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Protest without logic

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Letter to the editor by K.N.Pandita. This is with reference to ‘Beyond Muslim condemnation of terrorism’ by Louay Safi (AT 5 August 2005). Some Muslim organizations have reacted against the brutality of London bombing. But that is not enough. It is the duty of those Muslims who claim that Islam is a religion of peace and that they do not approve suicidal attacks, should draw a long term plan of confronting the extremists among themselves. They have full information who the extremists are, wherefrom they get support, what are their links and how they move. As such they are far better equipped to counter them. In doing so they can approach the police and security forces for adequate help on the ground. But against volunteering themselves for this task, they bring in various reasons, mostly untenable like alleged alienation, economic depression, marginalisation etc. to subtly justify terrorist acts. It will be noted that nearly a hundred thousand Muslims came out on the streets to rejoice the “martyrdom” of the London suicide bomber of Pakistani origin in his native village in Pakistan. The government made no effort to disallow the demonstration in support of the bomber. Likewise, the death sentence pronounced by the Indian Supermen Court in the case of terrorist attack on Indian parliament has evoked large scale demonstrations against the verdict in the Muslim dominated valley of Kashmir besides a call for general strike on August 8 given by the Muslim separatist group APHC.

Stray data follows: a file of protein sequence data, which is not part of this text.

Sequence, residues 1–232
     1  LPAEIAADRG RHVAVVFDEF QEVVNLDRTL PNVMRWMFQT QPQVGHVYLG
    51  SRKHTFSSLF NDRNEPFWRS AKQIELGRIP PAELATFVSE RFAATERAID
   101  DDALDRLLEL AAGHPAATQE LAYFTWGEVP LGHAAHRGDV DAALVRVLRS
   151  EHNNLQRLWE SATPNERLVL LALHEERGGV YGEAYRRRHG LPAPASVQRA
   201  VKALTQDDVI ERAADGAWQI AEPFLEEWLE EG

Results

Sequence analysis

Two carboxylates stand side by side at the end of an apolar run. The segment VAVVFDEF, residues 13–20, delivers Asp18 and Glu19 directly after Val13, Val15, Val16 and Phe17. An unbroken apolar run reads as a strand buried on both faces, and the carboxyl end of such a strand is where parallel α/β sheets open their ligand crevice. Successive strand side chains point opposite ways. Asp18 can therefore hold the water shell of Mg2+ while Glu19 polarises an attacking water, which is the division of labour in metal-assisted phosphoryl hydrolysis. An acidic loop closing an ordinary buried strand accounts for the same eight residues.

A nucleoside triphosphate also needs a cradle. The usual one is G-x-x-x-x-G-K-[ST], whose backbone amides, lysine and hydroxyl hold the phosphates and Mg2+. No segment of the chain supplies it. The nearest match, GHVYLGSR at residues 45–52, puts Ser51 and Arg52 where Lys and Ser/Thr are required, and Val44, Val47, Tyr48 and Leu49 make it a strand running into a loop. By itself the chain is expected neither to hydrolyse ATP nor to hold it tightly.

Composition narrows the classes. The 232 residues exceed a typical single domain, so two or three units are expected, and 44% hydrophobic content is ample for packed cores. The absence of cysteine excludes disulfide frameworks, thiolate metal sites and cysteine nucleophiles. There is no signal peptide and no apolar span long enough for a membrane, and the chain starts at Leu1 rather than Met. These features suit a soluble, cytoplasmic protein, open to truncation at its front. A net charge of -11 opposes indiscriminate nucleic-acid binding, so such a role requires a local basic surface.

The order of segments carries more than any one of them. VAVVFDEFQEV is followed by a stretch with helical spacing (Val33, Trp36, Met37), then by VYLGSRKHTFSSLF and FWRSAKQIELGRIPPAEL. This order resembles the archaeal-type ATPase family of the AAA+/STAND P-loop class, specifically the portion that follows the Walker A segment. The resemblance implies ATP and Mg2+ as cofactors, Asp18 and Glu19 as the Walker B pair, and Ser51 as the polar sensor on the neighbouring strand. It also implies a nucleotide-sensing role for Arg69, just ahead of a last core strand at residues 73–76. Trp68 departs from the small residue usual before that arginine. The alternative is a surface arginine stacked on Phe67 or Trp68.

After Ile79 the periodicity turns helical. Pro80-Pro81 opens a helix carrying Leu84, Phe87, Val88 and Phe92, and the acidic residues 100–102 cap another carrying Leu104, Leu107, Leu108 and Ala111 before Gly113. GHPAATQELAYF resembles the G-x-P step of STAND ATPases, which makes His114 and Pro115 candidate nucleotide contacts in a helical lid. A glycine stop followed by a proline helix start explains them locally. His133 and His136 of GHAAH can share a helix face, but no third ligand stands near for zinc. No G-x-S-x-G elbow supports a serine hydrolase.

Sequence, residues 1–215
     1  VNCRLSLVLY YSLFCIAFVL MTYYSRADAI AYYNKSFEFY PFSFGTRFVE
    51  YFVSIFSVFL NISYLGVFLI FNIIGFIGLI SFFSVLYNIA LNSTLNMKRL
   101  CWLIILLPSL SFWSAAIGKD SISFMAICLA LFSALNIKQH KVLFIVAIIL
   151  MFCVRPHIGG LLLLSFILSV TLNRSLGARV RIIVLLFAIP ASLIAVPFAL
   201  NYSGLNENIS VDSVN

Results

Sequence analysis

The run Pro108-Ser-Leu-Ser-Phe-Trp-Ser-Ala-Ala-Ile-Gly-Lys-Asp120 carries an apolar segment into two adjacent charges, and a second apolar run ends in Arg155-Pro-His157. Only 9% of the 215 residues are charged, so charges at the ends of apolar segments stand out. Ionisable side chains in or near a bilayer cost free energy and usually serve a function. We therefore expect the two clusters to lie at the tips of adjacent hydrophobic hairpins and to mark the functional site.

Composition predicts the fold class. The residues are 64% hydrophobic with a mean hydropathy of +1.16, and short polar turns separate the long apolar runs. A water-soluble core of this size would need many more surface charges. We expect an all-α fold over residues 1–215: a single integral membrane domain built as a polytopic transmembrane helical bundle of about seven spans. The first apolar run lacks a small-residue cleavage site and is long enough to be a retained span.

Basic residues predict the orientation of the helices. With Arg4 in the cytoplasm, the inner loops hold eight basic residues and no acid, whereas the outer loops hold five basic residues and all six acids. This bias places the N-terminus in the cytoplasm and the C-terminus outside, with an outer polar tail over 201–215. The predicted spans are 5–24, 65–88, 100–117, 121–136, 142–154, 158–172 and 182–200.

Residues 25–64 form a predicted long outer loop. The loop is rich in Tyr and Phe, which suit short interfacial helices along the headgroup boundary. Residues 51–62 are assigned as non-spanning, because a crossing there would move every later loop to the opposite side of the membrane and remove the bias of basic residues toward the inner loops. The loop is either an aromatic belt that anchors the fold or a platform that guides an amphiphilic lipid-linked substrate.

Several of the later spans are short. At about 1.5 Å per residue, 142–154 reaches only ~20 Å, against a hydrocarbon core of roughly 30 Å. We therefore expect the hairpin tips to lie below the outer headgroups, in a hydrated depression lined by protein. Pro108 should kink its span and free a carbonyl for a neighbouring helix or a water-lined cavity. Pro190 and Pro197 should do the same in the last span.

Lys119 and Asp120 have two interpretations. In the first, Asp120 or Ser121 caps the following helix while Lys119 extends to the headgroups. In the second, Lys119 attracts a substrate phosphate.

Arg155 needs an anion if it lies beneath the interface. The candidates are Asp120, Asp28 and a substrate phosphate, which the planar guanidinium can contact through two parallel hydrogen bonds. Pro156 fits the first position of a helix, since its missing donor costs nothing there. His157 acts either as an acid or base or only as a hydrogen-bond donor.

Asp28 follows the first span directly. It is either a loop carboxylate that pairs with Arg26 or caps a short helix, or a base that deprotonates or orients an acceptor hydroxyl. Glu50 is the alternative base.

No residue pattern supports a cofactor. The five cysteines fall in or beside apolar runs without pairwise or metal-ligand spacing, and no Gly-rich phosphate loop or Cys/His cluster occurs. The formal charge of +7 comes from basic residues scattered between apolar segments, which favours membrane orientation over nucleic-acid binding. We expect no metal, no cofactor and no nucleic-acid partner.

K.N. Pandita.

The Saudi-Pakistan nexus

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The Tribune, Only jehadis have gained, by G. Parthasarathy

WHEN Saudi Arabia’s ruler King Fahd died after a prolonged illness on August 1, his last rites were performed according to strict and austere Wahabi traditions. But one person who reacted as though his beloved uncle had died and mourned publicly, was Pakistan’s General Musharraf, who promptly declared one week’s state mourning and became the first non-Arab ruler of a Muslim country to rush to Saudi Arabia for the last rites of the Saudi monarch.

What prompted this show of grief and solidarity by General Musharraf who had visited Saudi Arabia only a few weeks earlier? Saudi Arabia and Pakistan are now in the same boat on issues of global terrorism. The ISI continues to provide support to the Taliban and jihadi groups like the Lashkar-e-Toiba and the Jaish-e-Mohammed, whose cadres are being arrested worldwide for inciting and promoting terrorism. There is also evidence that Saudi “charities” like the Al Harmain Islamic Foundation, the International Institute for Islamic Thought and the International Islamic Relief Organisation continue to fund extremist and terrorist activities worldwide, undermining peace and harmony in pluralistic societies.    Continue Reading…

Iran bogged down with nuclear controversy

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By K.N. Pandita,

A less expressed view in some knowledgeable Iranian circles is that the new President’s hard-line posture is an exception rather than the rule There are other more baffling issues that must fill the priority list of the President. Un-remitted social and economic baggage, groupism in civilian and military establishments and a restructured relationship with the west should be among his priorities. Above all, declining interest in the ideals of Islamic Revolution of Khumeini’s days among the younger generation that forms more than half of her population needs to be addressed.